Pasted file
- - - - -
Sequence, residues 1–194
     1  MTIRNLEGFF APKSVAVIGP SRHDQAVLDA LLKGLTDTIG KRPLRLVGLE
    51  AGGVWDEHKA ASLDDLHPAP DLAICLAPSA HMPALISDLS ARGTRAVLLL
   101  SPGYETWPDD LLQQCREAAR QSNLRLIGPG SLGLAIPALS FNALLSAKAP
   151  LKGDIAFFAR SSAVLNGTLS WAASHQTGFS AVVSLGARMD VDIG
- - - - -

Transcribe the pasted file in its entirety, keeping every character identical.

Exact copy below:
Sequence, residues 1–194
     1  MTIRNLEGFF APKSVAVIGP SRHDQAVLDA LLKGLTDTIG KRPLRLVGLE
    51  AGGVWDEHKA ASLDDLHPAP DLAICLAPSA HMPALISDLS ARGTRAVLLL
   101  SPGYETWPDD LLQQCREAAR QSNLRLIGPG SLGLAIPALS FNALLSAKAP
   151  LKGDIAFFAR SSAVLNGTLS WAASHQTGFS AVVSLGARMD VDIG